Their king slain and no will to follow, the French nobleman Baron Aigeus d'Airan was elected head of a regency council composed of twenty senior lords and court-men. Baron Aigeus' reign inaugurated the Aigeun period of French history, spanning his Regency amid the turmoil of the English war and growing nationalistic sentiment in Occitania, the southern provinces of France, and the rebellious streaks of numerous duchies throughout France. Aigeus descended from Crusader knights, like the pretender Guillaume, though was not versed in combat himself: he was a statesman, negotiating between the different influences affecting French politics - the church, the nobility, the military and the people - to further his own agenda. Aigeus sought to crown himself and the d'Airan family kings of France, writing in his diaries;
"What does a man want but the apex of power, the velvet fur of a crown and the subjected millions praising his name? I am a man above all, and this is my unvanquished desire."
Nonetheless, Baron Aigeus never revealed his grand ambitions or ever acted to consolidate them: with France focused wholly on the war effort, political reforms could not be instituted. Despite private agitations favouring the conclusion of war, the jingoistic frenzy whipped up by Charles VI in his noblemen prevented any sort of peace settlement in which Gascony and Calais were not returned to their rightful dominion of France. Baron Aigeus presided over the French throne for the 2-year-old heir, Charles de Valois, whose illegitimate heritage as the bastard son of Charles VI and a peasant girl infatuated with the monarch was concealed, who demonstrated promise from a young age in mathematics. Aigeus acted as a substitute father for Charles, devoting much of his free time talking to his nurses and observing the child; if anything, he was a greater parent than the heir's namesake.
With Charles' assassination leaving the French army in disarray, the first English force - numbering 14,000 - landed in Normandy and retook the province by July 1405. The French were concencrated in Brittany, which was slowly being subjugated by the French crown after its army's crushing defeat: with a beach-head established, England rushed to its ally's defence. The 15,000-strong Armee Royale was commanded by France's chief military leader, Jean II Le Meingre, who after hearing of the English siege of French-controlled Armor directed his forces to the city. With a slight numerical advantage and the controversial deployment of halberdiers, Le Meingre's attack suffered from logistical failures that ultimately led to the Armee Royale's decimation by Hallowen. Baron Aigeus was enraged by Le Meingre's meek leadership, though nonetheless left him to lead the reconstruction of the Armee Royale - as was completed by April 1406.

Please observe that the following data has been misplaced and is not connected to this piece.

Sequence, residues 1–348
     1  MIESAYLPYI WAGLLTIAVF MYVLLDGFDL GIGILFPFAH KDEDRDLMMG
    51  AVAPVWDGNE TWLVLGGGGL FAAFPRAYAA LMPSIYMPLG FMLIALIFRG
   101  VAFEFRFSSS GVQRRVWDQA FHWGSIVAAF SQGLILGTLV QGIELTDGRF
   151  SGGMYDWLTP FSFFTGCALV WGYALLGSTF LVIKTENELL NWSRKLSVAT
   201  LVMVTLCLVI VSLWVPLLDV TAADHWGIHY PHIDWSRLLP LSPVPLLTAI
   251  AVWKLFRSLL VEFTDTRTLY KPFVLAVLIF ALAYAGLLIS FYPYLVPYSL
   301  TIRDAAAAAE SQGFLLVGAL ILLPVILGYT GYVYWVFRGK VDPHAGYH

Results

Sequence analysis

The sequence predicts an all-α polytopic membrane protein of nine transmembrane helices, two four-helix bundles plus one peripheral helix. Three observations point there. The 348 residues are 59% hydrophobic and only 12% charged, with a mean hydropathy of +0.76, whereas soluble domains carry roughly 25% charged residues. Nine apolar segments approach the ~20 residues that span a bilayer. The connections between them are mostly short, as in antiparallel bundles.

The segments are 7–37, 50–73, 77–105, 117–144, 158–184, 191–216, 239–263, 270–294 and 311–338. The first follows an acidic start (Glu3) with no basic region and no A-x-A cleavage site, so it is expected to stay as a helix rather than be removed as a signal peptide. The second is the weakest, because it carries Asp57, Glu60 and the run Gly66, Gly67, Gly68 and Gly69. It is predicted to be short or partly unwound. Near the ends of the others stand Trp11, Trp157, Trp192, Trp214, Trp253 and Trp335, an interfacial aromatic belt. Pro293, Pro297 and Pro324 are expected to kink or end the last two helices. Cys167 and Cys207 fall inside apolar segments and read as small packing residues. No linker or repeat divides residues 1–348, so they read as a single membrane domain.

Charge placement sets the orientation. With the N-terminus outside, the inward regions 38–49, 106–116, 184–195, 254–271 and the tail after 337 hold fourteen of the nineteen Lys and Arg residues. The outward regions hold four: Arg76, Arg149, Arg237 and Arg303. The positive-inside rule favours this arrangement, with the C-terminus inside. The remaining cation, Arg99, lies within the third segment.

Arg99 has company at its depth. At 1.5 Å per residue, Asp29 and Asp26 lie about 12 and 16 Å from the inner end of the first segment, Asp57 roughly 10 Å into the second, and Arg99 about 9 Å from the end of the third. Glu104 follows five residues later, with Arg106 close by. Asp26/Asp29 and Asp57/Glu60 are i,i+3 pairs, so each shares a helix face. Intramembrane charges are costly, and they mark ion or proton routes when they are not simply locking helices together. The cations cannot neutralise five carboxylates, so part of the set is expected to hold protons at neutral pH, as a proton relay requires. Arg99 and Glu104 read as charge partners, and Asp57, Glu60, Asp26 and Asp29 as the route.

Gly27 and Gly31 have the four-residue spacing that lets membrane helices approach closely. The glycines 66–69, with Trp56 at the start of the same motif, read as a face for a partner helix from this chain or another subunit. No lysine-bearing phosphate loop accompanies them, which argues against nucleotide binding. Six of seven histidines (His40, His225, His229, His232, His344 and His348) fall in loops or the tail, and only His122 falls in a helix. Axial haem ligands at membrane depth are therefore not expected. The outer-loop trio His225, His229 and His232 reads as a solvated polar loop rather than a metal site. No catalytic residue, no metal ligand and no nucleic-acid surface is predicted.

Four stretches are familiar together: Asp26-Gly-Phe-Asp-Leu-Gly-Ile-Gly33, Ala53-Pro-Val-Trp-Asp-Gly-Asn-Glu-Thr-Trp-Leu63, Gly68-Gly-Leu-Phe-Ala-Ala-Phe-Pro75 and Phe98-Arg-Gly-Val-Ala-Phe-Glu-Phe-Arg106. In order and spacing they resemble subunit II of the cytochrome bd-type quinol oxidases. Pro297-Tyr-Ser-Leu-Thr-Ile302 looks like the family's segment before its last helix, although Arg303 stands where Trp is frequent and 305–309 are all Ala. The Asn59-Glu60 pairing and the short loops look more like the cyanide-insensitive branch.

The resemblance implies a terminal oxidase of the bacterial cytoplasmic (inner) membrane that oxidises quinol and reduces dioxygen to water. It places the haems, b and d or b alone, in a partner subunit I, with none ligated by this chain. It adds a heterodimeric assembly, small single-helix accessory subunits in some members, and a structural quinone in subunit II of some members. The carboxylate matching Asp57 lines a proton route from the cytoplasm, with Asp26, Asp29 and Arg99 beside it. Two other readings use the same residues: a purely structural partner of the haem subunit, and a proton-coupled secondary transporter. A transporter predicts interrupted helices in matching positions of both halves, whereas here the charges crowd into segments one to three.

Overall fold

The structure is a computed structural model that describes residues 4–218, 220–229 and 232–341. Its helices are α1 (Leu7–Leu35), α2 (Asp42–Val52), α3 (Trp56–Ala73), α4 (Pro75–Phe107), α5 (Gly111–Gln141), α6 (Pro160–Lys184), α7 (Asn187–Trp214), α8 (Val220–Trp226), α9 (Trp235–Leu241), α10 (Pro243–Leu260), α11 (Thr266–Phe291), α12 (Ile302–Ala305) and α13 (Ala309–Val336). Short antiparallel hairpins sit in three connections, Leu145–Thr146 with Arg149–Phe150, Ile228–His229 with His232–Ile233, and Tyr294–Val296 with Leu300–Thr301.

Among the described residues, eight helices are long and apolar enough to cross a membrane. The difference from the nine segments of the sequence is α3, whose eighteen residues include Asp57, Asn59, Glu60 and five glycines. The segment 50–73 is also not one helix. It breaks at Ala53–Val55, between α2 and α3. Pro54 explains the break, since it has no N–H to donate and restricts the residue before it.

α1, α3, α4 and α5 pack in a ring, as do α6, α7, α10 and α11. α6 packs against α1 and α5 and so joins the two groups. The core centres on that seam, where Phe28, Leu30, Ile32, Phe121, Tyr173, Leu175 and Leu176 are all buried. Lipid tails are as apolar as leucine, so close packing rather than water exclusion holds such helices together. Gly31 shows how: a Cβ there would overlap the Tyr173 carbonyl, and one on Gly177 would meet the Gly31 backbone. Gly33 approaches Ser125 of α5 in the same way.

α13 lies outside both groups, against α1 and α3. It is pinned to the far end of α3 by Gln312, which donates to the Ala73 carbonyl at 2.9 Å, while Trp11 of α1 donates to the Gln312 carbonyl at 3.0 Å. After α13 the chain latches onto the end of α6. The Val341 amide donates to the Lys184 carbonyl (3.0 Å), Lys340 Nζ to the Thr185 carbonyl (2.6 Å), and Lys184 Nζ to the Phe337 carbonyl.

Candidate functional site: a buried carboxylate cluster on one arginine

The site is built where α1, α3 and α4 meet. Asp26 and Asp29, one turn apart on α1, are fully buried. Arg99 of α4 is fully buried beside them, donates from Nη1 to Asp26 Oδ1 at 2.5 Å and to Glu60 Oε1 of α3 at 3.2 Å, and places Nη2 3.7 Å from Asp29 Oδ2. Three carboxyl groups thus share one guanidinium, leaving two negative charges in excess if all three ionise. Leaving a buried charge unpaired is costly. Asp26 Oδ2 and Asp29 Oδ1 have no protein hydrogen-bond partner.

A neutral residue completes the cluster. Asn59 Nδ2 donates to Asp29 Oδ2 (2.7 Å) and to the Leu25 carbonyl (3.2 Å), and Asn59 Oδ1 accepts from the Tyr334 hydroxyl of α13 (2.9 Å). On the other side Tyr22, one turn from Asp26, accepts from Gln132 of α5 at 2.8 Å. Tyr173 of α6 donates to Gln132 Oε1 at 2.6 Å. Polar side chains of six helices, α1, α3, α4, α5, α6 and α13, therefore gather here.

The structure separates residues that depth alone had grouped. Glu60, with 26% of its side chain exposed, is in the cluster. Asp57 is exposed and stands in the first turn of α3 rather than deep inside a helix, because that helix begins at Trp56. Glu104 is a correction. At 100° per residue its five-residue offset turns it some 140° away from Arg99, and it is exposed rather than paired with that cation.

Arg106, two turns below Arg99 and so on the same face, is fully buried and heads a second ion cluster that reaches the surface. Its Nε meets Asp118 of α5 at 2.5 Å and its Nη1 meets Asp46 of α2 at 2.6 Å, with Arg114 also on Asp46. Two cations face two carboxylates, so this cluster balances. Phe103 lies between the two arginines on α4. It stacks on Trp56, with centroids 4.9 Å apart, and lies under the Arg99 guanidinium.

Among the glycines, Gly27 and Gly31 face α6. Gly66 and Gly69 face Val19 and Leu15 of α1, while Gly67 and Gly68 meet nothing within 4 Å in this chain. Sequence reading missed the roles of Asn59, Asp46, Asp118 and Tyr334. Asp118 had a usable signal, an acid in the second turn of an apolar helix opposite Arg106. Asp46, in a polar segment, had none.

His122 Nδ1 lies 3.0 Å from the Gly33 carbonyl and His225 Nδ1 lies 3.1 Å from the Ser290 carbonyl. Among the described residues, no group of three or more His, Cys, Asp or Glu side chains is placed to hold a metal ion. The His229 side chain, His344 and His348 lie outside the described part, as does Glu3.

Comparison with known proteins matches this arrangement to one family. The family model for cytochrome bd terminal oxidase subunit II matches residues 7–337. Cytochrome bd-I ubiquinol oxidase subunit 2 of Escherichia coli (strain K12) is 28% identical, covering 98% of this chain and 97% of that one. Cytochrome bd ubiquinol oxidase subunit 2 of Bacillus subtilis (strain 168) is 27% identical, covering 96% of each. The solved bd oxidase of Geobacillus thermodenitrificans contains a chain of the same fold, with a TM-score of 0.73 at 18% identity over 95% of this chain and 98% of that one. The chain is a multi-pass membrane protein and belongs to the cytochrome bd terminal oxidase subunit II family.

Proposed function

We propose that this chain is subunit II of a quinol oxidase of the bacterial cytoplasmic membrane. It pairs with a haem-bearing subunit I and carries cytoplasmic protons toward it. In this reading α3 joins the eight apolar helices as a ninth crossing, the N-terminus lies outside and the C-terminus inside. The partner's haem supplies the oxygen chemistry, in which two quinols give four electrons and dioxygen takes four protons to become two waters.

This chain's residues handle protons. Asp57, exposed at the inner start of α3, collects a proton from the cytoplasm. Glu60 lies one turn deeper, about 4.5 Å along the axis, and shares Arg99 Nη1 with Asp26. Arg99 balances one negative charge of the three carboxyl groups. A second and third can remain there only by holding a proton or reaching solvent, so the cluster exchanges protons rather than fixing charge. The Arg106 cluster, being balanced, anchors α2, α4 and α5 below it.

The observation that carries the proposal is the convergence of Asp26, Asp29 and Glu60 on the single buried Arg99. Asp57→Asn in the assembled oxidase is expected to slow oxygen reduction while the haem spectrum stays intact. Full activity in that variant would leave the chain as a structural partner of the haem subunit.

In the interval, Aigeus negotiated a favourable peace with the Breton king Charles de Vitre that ceded Armor and Finistere directly to the French crown. Aigeus' urgency for peace came after the English Royal Army liberated Finistere, narrowing France's negotiating room with the Bretons. Additionally, Aigeus' cousin Guillaume d'Airan recruited a 5,000-man halberdier army responsible for Occitania. d'Airan routed a small Portuguese army that crossed the Pyrenees into Toulouse in August 1406.
In the same month, the French heir Charles was poisoned. Aigeus reportedly collapsed at the child's bedside, and sent for a doctor immediately; however, the medician was of no use. On Friday 22nd July 1406, Charles was pronounced dead. As the French court recorded its shock, it was not aware of the great mutilation that would befall the body.